Many thanks to Zoë Ruiz for the transcription.
— Viet Thanh Nguyen
LISA SANCHEZ POWERS: I was thrilled when Tom selected your book for the book club. Reading through for a second time now, I am swept up by the emotion and the meticulous detail of this novel. I am thinking of the incredible narrator you created and wonder: How did you conceive of the captain and what were your influences?
VIET THANH NGUYEN: Thanks, Lisa! I’m gratified to know you read it twice. Regarding the narrator’s genesis, I knew I wanted a spy, so that the book could be a thriller. I was inspired by a very famous spy named Pham Xuan An, who studied in Orange County, became friends with many Americans, was silenced after the war, and shuttled easily between two worlds. This type of character seemed perfect for being knowledgeable enough, and situated properly, to criticize all sides and ideologies. I made him of mixed-race descent partially to address the lack of such kinds of characters, especially in roles that are not just the tragic mulatto/divided-between-two-cultures-irreconcilably type — although my character skirts with that. Mixed-race heritage also obviously puts him in the situation of being torn, of being the object of suspicion of who he is, not only because he’s a spy. As a figure, the mixed-race spy allowed me to address many of the divisions of the Cold War, or of any situation where extreme positions divide people and force them to choose. As for the narrator’s voice, I was influenced by many sources, including and especially António Lobo Antunes’s The Land at the End of the World and Céline’s Journey to the End of the Night.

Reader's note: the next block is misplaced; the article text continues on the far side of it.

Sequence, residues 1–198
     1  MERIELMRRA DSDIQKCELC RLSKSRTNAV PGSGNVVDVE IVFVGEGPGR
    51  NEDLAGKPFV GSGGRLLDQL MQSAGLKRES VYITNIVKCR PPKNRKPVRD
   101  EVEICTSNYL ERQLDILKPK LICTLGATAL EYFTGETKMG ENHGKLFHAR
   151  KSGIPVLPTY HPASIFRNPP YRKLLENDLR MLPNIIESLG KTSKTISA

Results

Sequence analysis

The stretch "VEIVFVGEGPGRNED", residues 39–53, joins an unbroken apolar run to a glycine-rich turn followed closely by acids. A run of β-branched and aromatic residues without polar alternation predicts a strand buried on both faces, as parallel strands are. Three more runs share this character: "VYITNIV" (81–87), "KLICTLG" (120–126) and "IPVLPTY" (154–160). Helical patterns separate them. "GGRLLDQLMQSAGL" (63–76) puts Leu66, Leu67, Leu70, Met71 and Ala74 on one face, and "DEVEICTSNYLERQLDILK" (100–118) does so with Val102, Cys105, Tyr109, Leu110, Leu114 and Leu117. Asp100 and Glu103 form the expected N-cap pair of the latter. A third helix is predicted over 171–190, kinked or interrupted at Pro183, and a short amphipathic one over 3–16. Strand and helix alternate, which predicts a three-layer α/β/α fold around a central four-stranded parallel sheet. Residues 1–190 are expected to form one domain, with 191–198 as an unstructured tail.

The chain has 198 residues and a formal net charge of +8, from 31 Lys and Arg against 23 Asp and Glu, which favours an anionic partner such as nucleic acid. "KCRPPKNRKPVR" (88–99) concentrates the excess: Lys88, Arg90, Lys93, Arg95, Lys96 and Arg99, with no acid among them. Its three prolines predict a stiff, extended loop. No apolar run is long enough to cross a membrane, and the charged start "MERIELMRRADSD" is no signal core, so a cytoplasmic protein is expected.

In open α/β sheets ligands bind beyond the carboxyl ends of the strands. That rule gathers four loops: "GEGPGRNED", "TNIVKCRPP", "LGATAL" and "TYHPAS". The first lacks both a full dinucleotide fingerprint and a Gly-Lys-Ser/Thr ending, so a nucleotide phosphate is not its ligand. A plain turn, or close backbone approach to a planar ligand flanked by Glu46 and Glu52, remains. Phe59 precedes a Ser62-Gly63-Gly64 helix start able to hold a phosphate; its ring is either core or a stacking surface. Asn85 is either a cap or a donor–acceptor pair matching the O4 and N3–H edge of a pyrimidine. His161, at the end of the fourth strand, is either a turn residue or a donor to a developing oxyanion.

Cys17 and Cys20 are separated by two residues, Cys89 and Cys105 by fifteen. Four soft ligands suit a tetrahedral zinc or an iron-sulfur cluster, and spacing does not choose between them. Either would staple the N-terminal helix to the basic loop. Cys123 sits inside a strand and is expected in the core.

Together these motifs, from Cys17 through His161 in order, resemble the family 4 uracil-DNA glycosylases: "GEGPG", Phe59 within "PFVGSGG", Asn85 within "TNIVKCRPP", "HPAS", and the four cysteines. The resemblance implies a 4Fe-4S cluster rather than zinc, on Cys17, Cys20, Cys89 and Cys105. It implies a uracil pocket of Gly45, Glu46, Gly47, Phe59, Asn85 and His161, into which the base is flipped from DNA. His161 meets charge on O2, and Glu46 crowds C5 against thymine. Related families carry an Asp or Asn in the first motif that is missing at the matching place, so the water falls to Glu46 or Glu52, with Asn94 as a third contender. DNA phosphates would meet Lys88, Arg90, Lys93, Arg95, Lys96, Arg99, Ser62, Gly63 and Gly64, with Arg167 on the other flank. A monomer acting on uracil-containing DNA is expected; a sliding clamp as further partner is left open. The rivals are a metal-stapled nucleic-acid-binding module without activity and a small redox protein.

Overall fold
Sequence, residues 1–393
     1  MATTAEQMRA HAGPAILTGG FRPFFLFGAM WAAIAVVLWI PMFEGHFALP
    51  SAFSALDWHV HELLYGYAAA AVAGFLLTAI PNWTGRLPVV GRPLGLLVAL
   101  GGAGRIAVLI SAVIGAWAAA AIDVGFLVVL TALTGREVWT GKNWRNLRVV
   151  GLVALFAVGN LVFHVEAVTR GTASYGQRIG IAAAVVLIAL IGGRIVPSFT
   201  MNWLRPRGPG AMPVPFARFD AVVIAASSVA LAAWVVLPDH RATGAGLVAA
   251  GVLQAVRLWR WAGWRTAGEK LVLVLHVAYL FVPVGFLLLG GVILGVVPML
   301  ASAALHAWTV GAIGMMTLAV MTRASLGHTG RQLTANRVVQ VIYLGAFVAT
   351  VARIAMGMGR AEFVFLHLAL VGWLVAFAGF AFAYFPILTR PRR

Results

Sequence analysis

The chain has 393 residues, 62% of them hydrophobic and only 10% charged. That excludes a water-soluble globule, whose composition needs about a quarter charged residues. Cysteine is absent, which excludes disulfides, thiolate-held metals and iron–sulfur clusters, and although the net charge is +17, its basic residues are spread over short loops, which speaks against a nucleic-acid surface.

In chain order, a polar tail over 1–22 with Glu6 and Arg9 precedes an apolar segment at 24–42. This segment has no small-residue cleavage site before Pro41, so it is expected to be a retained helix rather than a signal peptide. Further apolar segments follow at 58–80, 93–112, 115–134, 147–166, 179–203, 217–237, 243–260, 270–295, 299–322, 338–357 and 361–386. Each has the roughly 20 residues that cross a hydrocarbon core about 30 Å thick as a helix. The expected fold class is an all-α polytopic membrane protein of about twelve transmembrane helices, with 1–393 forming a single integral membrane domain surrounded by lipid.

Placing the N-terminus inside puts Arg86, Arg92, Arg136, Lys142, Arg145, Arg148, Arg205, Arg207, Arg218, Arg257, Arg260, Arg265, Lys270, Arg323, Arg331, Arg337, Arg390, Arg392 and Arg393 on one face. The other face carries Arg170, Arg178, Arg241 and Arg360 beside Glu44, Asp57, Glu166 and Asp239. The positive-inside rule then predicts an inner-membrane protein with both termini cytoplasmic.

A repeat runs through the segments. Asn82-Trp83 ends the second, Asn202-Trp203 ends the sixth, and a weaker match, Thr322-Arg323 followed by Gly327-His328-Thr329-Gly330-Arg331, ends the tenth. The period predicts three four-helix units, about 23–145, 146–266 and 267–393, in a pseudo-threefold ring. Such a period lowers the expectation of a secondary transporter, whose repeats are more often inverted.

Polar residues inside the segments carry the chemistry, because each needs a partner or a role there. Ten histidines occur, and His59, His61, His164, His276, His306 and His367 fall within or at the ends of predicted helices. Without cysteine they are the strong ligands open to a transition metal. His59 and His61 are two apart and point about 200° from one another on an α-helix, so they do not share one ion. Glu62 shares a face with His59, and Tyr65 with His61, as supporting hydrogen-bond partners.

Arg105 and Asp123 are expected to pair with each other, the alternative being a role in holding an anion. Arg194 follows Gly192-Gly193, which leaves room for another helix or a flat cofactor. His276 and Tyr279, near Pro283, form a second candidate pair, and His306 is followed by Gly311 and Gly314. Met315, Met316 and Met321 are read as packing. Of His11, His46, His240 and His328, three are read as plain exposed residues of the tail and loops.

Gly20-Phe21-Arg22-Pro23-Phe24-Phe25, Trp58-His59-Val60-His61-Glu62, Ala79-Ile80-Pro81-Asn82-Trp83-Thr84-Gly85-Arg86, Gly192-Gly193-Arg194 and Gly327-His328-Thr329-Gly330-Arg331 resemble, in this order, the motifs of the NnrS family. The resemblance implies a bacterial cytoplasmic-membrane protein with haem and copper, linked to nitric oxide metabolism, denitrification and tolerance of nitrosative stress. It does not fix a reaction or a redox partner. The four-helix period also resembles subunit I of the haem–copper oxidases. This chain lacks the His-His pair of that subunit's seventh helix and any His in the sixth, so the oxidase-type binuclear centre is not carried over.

CATHY MCGREGOR WEINGEIST: The central character seems to me to be the loneliest and most alone person I can imagine. He is not what he seems to everyone in the community, including one of his two true friends. If this is a novel about a community, is the captain part of the communist community? Does he want to be? Does he really care about and feel connected to the communist community that he left in Vietnam? Or is he condemned to be a man apart?
VIET THANH NGUYEN: Yes, he’s lonely. Partly by dint of being a spy and hiding from nearly everyone. Partly because his loneliness can be read as existential. Partly because I saw him as a magnification of tendencies that seemed to me to be widespread — division, alienation, loneliness, despair, desire, which many may experience to some degree or another. But for him, those things are felt much more acutely. I think he does want to be part of a community, sees himself as belonging to different groups, especially the revolution, but each community and group casts him out or mistreats him in different ways. Every community and group does that to somebody; it’s his misfortune to feel that he can’t find any group or community to which he wholly belongs, even the one that he thought he did fully belong, the revolution.